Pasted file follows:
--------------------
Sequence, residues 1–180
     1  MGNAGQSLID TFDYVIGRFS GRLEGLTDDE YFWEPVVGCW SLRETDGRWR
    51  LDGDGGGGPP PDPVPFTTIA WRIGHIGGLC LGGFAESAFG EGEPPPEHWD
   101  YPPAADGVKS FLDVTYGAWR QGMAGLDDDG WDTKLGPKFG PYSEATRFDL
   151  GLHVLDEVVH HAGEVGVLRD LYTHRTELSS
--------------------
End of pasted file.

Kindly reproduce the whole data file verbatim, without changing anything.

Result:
Sequence, residues 1–180
     1  MGNAGQSLID TFDYVIGRFS GRLEGLTDDE YFWEPVVGCW SLRETDGRWR
    51  LDGDGGGGPP PDPVPFTTIA WRIGHIGGLC LGGFAESAFG EGEPPPEHWD
   101  YPPAADGVKS FLDVTYGAWR QGMAGLDDDG WDTKLGPKFG PYSEATRFDL
   151  GLHVLDEVVH HAGEVGVLRD LYTHRTELSS